Municipal elections are less than a month away for Minneapolis/St. Paul, and a lot is on the line. The outcome of the 2016 election has spurred local political movements and increased awareness that local elections matter. Younger voters who have grown up in a fully digital world depend on online information and social media to learn about candidates and issues, digital access to local elections is lacking and crucial.
This is partly why I’ve spent so much of my free time working on MSPVotes. It’s an online tool that lets you access publicly available election information as a mobile-accessible website. Browse, or enter an address for detailed candidate profiles, including: endorsements, campaign activity, social media, and an analysis of campaign finances.
It’s running reliably now, and has been proven to be informative and useful, as well as a resource people are already depending on in Minneapolis elections. It has received rave reviews from local political influencers, including the moderator of the recent Minneapolis Chamber of Commerce candidate forums who cited us as being “tremendously valuable”. Knowing what data is in it, I can see it being referenced in many places: from political analysis/opinion blogs to facts announced during candidate forums.
MSPVotes primarily seeks to get knowledge out there: from a basic understanding of candidates, to finer points in campaign finance. As it is now, city campaign finance records are mainly locked away in non-machine readable PDFs: so, our initial data entry task had to focus on noteworthy contributions. These were defined as donations coming from people who routinely donate to many candidates, and in many elections; local politicians and prominent individuals.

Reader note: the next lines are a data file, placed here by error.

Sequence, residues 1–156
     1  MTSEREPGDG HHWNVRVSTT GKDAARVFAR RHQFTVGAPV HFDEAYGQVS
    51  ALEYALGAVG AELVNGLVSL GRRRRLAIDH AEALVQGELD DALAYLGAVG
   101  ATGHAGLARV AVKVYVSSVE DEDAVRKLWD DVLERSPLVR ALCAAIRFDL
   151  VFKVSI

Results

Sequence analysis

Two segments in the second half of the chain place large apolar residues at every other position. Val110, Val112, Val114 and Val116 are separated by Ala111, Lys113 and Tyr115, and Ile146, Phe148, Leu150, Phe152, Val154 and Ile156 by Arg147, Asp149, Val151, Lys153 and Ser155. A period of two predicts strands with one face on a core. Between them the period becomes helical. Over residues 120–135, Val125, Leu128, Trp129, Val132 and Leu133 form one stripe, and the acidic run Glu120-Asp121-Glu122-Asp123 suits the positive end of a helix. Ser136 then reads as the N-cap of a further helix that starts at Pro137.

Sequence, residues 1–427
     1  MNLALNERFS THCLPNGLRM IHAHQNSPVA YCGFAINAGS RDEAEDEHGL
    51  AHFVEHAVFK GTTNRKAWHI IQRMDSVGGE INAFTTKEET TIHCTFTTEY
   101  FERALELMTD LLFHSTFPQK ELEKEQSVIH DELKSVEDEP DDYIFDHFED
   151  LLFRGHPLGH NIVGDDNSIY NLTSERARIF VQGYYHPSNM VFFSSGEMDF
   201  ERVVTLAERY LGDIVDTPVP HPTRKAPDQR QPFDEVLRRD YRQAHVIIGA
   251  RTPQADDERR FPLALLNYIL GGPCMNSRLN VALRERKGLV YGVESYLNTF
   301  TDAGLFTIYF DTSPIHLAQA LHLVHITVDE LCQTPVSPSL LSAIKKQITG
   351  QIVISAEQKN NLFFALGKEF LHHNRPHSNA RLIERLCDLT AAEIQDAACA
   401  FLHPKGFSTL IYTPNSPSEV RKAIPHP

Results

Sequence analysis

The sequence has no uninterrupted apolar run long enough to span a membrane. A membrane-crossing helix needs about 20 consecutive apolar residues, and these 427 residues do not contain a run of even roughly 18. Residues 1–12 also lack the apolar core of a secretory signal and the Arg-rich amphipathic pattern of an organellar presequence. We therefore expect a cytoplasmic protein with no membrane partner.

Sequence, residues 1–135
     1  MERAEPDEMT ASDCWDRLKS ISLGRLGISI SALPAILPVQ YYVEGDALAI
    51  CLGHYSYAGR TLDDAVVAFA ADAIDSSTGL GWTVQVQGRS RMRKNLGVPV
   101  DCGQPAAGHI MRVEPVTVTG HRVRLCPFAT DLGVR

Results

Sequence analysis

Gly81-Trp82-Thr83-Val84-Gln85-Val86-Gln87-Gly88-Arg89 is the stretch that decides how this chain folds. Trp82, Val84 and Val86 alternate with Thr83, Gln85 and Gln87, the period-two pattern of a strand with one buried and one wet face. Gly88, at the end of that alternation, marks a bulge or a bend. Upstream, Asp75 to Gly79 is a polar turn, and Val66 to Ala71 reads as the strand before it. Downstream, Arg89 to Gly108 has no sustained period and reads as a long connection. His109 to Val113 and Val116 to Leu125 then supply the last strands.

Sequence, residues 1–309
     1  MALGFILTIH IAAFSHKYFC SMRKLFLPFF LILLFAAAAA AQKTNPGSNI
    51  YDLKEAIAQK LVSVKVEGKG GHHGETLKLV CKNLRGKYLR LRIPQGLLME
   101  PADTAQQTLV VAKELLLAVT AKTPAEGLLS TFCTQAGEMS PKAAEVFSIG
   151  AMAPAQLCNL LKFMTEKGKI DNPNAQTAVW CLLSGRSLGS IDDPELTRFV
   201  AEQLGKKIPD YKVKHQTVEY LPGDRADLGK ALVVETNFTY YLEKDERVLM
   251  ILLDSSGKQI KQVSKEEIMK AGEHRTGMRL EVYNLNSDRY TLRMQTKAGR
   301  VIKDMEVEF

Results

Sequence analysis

The data is also categorized by employer, and some familial relationships are included: for example, when it was obvious that several family members together were donating to specific candidates.
In an ideal world, we’d just upload a CSV and focus on tagging all donor data, but for now, this is the best slice of information to see. We’ve supplemented it with other campaign finance highlights to give a sense of how many donations were small amounts and non-itemized (less than $99), vs. the larger itemized donations.
In the corner of your screen, you might notice a cute begging kitten imploring you to vote. Contained within is a portfolio of memes to share to get your friends to find their candidates and vote. It’s 2017, and half of our lives are online now: so online voter outreach is important. Brace yourselves though, the GIFs are coming!